OPINION: This article contains commentary which reflects the author's opinion
Virginia Democrats are getting panicky over the governor’s race as polling shows their candidate, Terry McAuliffe, suddenly losing to GOP challenger Glenn Youngkin in an otherwise blue state in what has turned into the most competitive political race since President Donald Trump left the Oval Office.
While McAuliffe predictably led early in the contest, Youngkin has steadily chipped away at the Democrat’s lead, with a Fox News poll putting the Republican well ahead earlier this week.
“Public polling has been shifting in Republican newcomer Glenn Youngkin’s direction in recent weeks, while Democrat Terry McAuliffe, a former governor and close ally of President Joe Biden, has struggled to energize his base as Biden’s approval ratings sink,” the Daily Mail reported.
That said, Youngkin noted over the weekend that he would not be taking part in a tele-town hall event involving the former Republican president.
“I’m not going to be engaged in the tele-town hall,” Youngkin noted. “The teams are talking, I’m sure.”
Virginia has been blue for more than a decade; no Republican has won a statewide race there since 2009. So the fact that Youngkin is even polling well is a shocker to the Democratic Party.
Youngkin is polling at 53 percent among likely voters, to McAuliffe’s 45 percent, but as Fox News noted last week:
Among the larger pool of registered voters, it’s a one-point race: McAuliffe 47 percent vs. Youngkin 48 percent. Two weeks ago, McAuliffe led among registered voters by 11 points, 52-41 percent.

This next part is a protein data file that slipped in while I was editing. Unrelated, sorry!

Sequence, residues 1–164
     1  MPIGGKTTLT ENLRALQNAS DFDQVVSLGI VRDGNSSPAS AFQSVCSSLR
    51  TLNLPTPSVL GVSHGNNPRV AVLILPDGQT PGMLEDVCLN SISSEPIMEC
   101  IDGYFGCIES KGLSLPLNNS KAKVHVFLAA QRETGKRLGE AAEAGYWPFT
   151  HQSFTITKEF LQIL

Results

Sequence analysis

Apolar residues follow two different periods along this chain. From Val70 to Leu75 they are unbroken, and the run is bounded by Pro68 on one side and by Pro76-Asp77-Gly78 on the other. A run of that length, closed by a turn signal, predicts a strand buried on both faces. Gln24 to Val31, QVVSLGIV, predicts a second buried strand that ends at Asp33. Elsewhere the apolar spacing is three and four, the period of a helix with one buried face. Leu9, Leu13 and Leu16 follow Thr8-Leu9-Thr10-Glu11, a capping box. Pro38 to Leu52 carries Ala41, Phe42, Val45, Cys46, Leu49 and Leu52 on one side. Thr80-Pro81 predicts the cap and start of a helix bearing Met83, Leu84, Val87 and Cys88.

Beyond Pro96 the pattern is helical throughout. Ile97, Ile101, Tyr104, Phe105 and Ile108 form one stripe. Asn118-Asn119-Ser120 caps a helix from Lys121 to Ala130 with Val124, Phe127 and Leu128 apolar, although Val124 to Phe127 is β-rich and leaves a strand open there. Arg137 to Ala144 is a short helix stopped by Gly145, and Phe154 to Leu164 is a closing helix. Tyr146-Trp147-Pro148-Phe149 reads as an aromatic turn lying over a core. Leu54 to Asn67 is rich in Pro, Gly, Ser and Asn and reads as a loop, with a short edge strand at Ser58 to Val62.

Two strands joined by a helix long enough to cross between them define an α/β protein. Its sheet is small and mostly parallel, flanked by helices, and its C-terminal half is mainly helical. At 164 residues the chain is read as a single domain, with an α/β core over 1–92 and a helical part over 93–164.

What changed? GOP enthusiasm. The race is largely focused on education and this has energized Republicans, as 79 percent of Youngkin supporters are “extremely” interested in the election compared to 69 percent of McAuliffe supporters.
Democratic pollster Chris Anderson is waving a red flag.
“With the race essentially tied among the full registered voter universe, McAuliffe could still pull this off,” says Anderson, who conducted the Fox News poll along with Republican Daron Shaw. “But it would take something big to ignite enthusiasm for McAuliffe’s candidacy and a massively effective get out the vote effort.”
“Education is a top issue, which is usually good news for the Democrats since they are typically seen as more capable in that domain,” Shaw said. “But Youngkin has turned the issue on its head so it’s about curriculum and parent involvement rather than spending. The result is the GOP is currently preferred on perhaps the critical issue for this election.”
The Daily Mail noted the top issue framing the race at this point:
On Saturday, Trump publicly backed Youngkin, and predicted the controversy surrounding the school boards in the state would boost Republican gubernatorial candidate Glenn Youngkin’s chances of winning Tuesday’s election.
Parents in the state have been fighting back against woke school boards where meetings have become a public battlefield. Hot button topics include banned books from school libraries parents had deemed inappropriate, the rights of transgender students, and the teaching of critical race theory.
In June, a father was arrested at a Loudoun County School Board meeting after he confronted board members about his 15-year-old daughter being raped in a gender-neutral bathroom by a boy, 15, wearing a skirt. The boy, who has not been named because he is a minor, has been charged and will be sentenced in November. He has also been charged with sexually assaulting another girl at a different school in the same Virginia school district in October.
“I’ve been watching the school board hearings more closely than I ever have, to be honest, and it’s so interesting,” Trump told Fox News host Jeanine Pirro on Saturday.
“The parents are incensed. They’re not terrorists. They’re people that are just so upset,” the former president continued. “I think he’s going to do very well.”
Trump also noted that McAuliffe made a huge unforced error earlier this month when he said during a debate with Youngkin that parents should have no say in their children’s education curriculum.
“McAuliffe made a tremendous mistake. It’s not a tremendous mistake from his standpoint. He believes it,” Trump said.